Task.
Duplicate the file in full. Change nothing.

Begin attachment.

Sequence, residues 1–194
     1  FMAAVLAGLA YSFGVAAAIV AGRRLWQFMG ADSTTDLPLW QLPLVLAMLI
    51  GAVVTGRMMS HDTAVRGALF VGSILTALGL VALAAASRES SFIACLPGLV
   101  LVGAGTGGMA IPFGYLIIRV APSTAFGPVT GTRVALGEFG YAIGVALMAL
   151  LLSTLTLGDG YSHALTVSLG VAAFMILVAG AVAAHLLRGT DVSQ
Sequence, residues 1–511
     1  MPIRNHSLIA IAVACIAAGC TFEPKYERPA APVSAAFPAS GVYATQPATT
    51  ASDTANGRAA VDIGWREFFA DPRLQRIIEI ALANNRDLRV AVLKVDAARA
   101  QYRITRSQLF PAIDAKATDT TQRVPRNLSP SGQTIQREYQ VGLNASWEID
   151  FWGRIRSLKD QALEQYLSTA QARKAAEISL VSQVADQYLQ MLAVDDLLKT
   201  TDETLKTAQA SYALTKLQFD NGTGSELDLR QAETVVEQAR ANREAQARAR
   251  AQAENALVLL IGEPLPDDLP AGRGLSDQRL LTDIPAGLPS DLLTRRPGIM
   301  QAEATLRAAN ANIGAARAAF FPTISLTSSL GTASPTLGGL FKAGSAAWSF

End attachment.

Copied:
Sequence, residues 1–194
     1  FMAAVLAGLA YSFGVAAAIV AGRRLWQFMG ADSTTDLPLW QLPLVLAMLI
    51  GAVVTGRMMS HDTAVRGALF VGSILTALGL VALAAASRES SFIACLPGLV
   101  LVGAGTGGMA IPFGYLIIRV APSTAFGPVT GTRVALGEFG YAIGVALMAL
   151  LLSTLTLGDG YSHALTVSLG VAAFMILVAG AVAAHLLRGT DVSQ
Sequence, residues 1–511
     1  MPIRNHSLIA IAVACIAAGC TFEPKYERPA APVSAAFPAS GVYATQPATT
    51  ASDTANGRAA VDIGWREFFA DPRLQRIIEI ALANNRDLRV AVLKVDAARA
   101  QYRITRSQLF PAIDAKATDT TQRVPRNLSP SGQTIQREYQ VGLNASWEID
   151  FWGRIRSLKD QALEQYLSTA QARKAAEISL VSQVADQYLQ MLAVDDLLKT
   201  TDETLKTAQA SYALTKLQFD NGTGSELDLR QAETVVEQAR ANREAQARAR
   251  AQAENALVLL IGEPLPDDLP AGRGLSDQRL LTDIPAGLPS DLLTRRPGIM
   301  QAEATLRAAN ANIGAARAAF FPTISLTSSL GTASPTLGGL FKAGSAAWSF